Harvard President Claudine Gay resigns after plagiarism and campus antisemitism accusations
Jan 2, 2024, 11:32 AM | Updated: 3:11 pm
(Photo by Kevin Dietsch/Getty Images)
New York (CNN) — Harvard President Claudine Gay announced Tuesday she is stepping down just six months into her presidency amid a firestorm of controversy at the university.
She also noted that “it has been distressing to have doubt cast on my commitments to confronting hate and to upholding scholarly rigor — two bedrock values that are fundamental to who I am — and frightening to be subjected to personal attacks and threats fueled by racial animus.”
In a letter Tuesday, the Harvard Corporation defended Gay and said they accepted her resignation “with sorrow.” The Corporation, which is the university’s governing body, said she showed “remarkable resilience in the face of deeply personal and sustained attacks.”
“While some of this has played out in the public domain, much of it has taken the form of repugnant and in some cases racist vitriol directed at her through disgraceful emails and phone calls. We condemn such attacks in the strongest possible terms,” the letter read.
Controversy on campus and across the country
Gay was undone in part by an ongoing plagiarism scandal and a disastrous congressional hearing last month in which she and other university presidents failed to explicitly say calls for genocide of Jewish people constituted bullying and harassment on campus.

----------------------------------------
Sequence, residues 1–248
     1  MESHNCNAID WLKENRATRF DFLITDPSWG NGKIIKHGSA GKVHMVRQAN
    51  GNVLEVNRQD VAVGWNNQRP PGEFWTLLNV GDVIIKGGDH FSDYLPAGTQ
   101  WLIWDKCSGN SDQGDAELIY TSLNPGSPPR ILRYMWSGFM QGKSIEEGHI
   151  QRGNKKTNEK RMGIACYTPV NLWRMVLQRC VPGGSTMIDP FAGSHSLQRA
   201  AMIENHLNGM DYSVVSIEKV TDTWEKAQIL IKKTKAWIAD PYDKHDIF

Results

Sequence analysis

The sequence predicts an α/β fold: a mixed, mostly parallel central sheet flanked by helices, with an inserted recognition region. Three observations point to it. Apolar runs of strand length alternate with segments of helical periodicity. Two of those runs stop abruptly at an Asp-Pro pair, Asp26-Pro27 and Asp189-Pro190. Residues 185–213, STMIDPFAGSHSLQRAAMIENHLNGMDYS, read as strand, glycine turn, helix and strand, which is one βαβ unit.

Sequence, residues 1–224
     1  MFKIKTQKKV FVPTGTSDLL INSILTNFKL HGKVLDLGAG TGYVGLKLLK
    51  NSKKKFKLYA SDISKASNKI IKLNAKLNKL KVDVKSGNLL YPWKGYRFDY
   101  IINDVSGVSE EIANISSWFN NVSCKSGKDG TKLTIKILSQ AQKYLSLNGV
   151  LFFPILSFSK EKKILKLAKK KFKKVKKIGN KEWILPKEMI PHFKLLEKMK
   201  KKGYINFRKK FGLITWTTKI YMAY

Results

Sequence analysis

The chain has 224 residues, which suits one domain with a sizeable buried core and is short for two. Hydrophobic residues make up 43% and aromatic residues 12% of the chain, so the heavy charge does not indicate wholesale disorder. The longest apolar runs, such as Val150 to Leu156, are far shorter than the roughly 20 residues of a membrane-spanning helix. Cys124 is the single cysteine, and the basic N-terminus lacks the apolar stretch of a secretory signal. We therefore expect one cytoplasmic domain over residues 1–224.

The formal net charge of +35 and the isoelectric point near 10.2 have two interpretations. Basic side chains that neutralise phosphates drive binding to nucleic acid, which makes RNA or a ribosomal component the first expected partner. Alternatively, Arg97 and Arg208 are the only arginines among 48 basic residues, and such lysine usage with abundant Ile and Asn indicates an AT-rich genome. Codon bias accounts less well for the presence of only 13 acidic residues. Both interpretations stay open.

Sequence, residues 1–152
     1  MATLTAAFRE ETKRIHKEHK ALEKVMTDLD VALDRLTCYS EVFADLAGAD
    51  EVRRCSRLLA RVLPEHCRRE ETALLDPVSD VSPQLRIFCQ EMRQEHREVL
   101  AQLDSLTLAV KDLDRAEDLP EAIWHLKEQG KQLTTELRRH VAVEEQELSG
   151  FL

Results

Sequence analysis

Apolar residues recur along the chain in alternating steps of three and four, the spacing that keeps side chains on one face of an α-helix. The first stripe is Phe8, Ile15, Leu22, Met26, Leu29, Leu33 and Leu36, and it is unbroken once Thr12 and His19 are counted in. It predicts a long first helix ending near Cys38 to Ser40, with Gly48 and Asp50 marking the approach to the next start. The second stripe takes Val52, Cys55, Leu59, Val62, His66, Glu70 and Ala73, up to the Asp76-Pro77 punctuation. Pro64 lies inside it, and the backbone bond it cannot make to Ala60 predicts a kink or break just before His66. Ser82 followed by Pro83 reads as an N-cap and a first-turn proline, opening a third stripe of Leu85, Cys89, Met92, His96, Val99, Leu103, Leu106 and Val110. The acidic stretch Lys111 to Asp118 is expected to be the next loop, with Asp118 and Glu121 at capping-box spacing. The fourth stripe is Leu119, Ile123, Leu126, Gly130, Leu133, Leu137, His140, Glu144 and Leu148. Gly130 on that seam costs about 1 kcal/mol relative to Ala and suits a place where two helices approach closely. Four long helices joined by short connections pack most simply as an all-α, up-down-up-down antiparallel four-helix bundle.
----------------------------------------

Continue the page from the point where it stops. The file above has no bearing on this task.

Tensions have surged on some college campuses following the October 7 terror attacks by Hamas against Israel. There have been hundreds of protests and counterprotests on college campuses, with some of them turning violent.
The faces and names of some students allegedly linked to anti-Israel statements were displayed on mobile billboards near the campuses of both Harvard and Columbia. Another Ivy League school, the University of Pennsylvania, alerted the FBI to violent antisemitic threats made against some faculty members.
Separately, Gay had drawn widespread criticism after accusations of plagiarism emerged, including multiple instances of missing quotation marks and citations. Harvard recently announced Gay planned to submit corrections to her 1997 PhD dissertation to correct instances of “inadequate citation,” adding to the ones she issued earlier to a pair of scholarly articles she wrote in the 2000s.
Notably, the university called those corrections “regrettable,” but found they did not meet the punishable threshold of research misconduct.
Interim president selected
Alan M. Garber, who currently serves as provost and chief academic officer at Harvard, will step in as interim president until the school finds a new leader, the Harvard Corporation announced in a letter on Tuesday.
“We are fortunate to have someone of Alan’s broad and deep experience, incisive judgment, collaborative style, and extraordinary institutional knowledge to carry forward key priorities and to guide the university through this interim period,” the corporation said.
The Corporation said the search for a new president would “begin in due course,” but did not specify an exact timeline.
Gay said in her letter she would return to a faculty position “and to the scholarship and teaching that are the lifeblood of what we do.”
A spokesperson did not immediately respond to requests for comment.
This is a breaking story. Check back for updates.
– CNN’s Ramishah Maruf, Em Steck and Andrew Kaczynski contributed to this story.
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